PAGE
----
60. Relying upon these authorities the learned counsel for the respondent urges that even if Chander Kishore and Ravinder Kishore who were above 18 years of age, are held to be children, the only allowance that could be awarded to them was to provide them with board and lodging. As regards lodging, the learned counsel submits that they were already residing in the house owned by the respondent and thereforee the only amount needed was for food. He further urges that the trial Magistrate had held that they were nto entitled to any maintenance for board and lodging although they were entitled to payment of their college expenses while the learned Addl. Sessions Judge had held that they were nto entitled to payment of college expenses and were only entitled to maintenance till they were able to complete their education. The argument of the learned counsel is that whatever view one may take about the liability of the father to maintain his children these two petitioners who were admittedly 22 and 23 years of age, had no right to inflict on their father the burden of maintaining them because they were unable to maintain themselves on account of their pre-occupation with studies in college. As regards Shashi Prabha also the argument of the learned counsel is that she is now 18 years of age and can thereforee very well maintain herself by her own exertions. Merely because she wants to continue her studies is no reason that the father should be made liable for her maintenance so as to enable her to gratify her wishes in that direction.

61. The argument in our view, completely loses sight of the advance that has taken place in our ideas of social needs. It also omits to take into consideration the status of the family, the early upbringing of the children before the parties fell out and father's own educational standards. It is established on the record that the two elder sisters of the petitioners are M. A., and B. A., respectively. Chander Kishore was at the time the proceedings were started by the petitioners, already a student in Commerce College while Ravinder Kishore was a student in 1st Year in the M. B. B. S. class in a college at Aligarh. It is apparent that the two boys were enabled to reach that stage in their educational career with the consent of their father who obviously wanted his eldest son to acquire the Master's Degree in Commerce, and the younger son to acquire the M. B. B. S. Degree. The other two children Shashi Prabha and Rakesh Kumar were both students in the 10th class and 9th class respectively at that time.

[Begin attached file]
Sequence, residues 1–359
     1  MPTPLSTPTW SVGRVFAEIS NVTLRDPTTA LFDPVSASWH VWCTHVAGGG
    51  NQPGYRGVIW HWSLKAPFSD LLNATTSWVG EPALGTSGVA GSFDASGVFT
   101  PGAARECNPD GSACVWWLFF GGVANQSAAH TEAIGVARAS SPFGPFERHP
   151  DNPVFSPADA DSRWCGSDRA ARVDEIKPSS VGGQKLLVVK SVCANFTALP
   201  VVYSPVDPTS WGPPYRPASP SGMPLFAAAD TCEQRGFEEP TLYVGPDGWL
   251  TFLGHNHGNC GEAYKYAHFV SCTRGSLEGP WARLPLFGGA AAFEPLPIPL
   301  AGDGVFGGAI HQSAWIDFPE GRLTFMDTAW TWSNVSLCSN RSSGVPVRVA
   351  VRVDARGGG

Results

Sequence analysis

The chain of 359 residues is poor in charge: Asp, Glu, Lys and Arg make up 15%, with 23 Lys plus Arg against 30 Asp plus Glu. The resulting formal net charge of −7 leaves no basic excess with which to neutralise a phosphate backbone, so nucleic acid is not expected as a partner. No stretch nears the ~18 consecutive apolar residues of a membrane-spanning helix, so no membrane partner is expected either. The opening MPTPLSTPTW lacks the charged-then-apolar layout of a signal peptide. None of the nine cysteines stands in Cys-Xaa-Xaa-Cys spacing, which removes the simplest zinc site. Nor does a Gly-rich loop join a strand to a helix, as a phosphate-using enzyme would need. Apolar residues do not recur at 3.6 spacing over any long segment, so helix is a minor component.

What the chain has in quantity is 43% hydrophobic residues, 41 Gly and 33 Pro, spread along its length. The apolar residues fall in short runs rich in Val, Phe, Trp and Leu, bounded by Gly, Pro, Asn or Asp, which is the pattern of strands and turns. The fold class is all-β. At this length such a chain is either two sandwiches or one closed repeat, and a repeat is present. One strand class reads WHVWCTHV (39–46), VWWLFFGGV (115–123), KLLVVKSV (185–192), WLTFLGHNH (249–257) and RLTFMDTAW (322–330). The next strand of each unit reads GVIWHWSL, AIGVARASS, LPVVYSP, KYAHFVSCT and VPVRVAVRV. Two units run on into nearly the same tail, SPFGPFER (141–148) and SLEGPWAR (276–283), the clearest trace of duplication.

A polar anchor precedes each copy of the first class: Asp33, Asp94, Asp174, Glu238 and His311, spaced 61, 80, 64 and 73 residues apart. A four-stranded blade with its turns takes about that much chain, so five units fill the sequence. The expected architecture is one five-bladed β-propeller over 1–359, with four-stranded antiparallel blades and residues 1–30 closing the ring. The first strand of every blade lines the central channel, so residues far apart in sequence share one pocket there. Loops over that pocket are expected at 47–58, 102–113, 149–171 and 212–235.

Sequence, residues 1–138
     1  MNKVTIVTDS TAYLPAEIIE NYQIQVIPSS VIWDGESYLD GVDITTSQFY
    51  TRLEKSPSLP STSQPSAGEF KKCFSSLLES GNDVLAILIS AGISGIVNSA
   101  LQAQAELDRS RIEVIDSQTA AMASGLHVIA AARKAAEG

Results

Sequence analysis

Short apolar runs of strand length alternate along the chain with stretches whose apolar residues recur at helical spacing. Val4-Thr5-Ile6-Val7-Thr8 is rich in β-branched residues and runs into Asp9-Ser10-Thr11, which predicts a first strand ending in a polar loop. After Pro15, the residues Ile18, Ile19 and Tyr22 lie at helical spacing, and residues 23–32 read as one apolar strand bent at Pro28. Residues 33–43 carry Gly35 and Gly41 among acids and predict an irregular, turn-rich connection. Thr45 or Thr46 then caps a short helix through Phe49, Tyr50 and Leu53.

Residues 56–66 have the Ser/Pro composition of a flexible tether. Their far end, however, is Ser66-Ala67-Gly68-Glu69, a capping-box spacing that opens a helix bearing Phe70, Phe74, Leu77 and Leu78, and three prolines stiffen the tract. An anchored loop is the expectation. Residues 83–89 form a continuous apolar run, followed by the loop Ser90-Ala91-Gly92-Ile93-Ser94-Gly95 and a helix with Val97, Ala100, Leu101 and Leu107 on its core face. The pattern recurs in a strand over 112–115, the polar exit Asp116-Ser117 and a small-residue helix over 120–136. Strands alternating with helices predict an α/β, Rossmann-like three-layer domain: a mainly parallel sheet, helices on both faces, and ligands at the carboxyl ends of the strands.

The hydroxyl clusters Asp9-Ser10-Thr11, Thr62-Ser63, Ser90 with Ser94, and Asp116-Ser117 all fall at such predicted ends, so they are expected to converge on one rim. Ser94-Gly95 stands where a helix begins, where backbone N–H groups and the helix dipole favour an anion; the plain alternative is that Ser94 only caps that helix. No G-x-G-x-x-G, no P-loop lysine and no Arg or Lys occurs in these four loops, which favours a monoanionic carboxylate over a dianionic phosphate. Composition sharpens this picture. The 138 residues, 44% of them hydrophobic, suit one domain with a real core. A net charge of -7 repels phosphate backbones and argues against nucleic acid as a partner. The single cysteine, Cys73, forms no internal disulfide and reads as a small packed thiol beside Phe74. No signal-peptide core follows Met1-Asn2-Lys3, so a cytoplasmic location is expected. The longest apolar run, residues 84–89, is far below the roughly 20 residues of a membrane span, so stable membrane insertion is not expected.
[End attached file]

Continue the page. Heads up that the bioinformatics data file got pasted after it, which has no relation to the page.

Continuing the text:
In spite of their father's indifference and neglect Chander Kishore was on the date of the order in the final year for a Master's Degree in Commerce while Ravinder Kishore had entered the 2nd Year in the Medical College at Aligarh. Shashi Prabha had also been promoted from 10th class to the Higher Secondary Class while her brother Rakesh Kumar had also been promoted to the next higher class. The respondent himself is an LL.B., It is thereforee reasonable to assume that but for this unfortunate rift between him and his children he wanted the petitioners to have the benefit of at least that higher education which he himself had the privilege of receiving, even if one might nto credit him with the normal ambition of a father who wants to see his children excel him and accomplish what he himself had nto been able to do.

62. We thereforee see no reason, on the facts of this case, to restrict the meaning of the word maintenance to include board and lodging and some sort of education as some of the English Judges to whose decisions reference has been made above, have held.

63. It now remains to consider the last contention of the learned counsel for the respondent. The contention is based on Section 20 of the Hindu Adoptions and Maintenance Act, 1956 which came into force on 21st December, 1956. The Section reads:--

'(1) Subject to the provisions of this section a Hindu is bound during his or her lifetime, to maintain his or her legitimate or illegitimate children and his or her aged or infirm parents.

(2) A legitimate or illegitimate child may claim maintenance from his or her father or mother so long as the child is minor.

(3) The obligation of a person to maintain his or her aged or infirm parent or a daughter who is unmarried extends in so far as the parent or the unmarried daughter, as the case may be, is unable to maintain himself or herself out of his or her own earnings or other property.'

64. According to that section a Hindu is under a legal obligation to maintain his legitimate or illegitimate children or his aged or infirm parents whether he possesses any property or not. The obligation to maintain these relations is personal and legal in character and arises from the very existence of the relationship between the parties. The liability of a Hindu to maintain his legitimate or illegitimate child extends only so long as the child is a minor. It will be noticed that the liability extends nto only to the father but also to the mother.

65. The term 'maintenance' is defined in Section 2(b) and includes in all cases, provision for food, clothing, residence, education, medical attendance and treatment. In the case of an unmarried daughter, it also, includes the reasonable expenses of and incidental to her marriage. Sub-section (c) of Section 2 defines minor as a person who has nto completed his or her age of 18 years.